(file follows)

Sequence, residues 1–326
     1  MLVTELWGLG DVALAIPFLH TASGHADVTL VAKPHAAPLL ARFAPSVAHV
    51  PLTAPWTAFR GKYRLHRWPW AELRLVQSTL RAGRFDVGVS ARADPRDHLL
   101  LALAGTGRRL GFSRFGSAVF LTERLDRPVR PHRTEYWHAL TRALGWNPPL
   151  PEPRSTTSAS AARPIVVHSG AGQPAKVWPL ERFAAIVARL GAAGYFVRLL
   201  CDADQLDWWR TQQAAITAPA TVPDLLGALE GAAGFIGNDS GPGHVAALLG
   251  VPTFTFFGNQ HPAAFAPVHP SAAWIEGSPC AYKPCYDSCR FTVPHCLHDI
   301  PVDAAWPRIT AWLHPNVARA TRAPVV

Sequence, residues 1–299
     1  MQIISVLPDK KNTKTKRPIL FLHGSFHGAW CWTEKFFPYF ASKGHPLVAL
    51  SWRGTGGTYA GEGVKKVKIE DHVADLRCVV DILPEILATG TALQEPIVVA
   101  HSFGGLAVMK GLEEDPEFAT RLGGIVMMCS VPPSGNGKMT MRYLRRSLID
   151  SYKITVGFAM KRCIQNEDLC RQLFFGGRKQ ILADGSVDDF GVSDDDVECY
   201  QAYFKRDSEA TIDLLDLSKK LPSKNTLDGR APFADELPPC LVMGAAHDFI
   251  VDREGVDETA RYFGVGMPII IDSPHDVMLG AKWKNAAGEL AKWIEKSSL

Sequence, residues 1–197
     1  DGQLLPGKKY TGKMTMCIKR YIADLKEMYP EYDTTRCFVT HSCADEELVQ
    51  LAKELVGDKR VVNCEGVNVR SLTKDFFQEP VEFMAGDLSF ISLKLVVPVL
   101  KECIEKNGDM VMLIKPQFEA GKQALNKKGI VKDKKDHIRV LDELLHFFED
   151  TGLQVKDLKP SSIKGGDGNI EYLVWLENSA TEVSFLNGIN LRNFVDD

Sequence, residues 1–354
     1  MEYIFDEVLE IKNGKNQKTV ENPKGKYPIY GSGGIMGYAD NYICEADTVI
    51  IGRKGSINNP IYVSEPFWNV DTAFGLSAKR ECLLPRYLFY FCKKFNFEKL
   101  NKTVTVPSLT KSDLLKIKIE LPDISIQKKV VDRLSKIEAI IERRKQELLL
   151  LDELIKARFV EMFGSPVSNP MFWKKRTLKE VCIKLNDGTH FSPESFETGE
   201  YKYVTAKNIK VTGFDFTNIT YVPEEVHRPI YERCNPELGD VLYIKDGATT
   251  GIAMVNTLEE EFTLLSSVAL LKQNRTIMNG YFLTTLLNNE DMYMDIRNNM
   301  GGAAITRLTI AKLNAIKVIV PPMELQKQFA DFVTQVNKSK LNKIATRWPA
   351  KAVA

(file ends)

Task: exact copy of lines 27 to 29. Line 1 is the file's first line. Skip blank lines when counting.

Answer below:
   251  GIAMVNTLEE EFTLLSSVAL LKQNRTIMNG YFLTTLLNNE DMYMDIRNNM
   301  GGAAITRLTI AKLNAIKVIV PPMELQKQFA DFVTQVNKSK LNKIATRWPA
   351  KAVA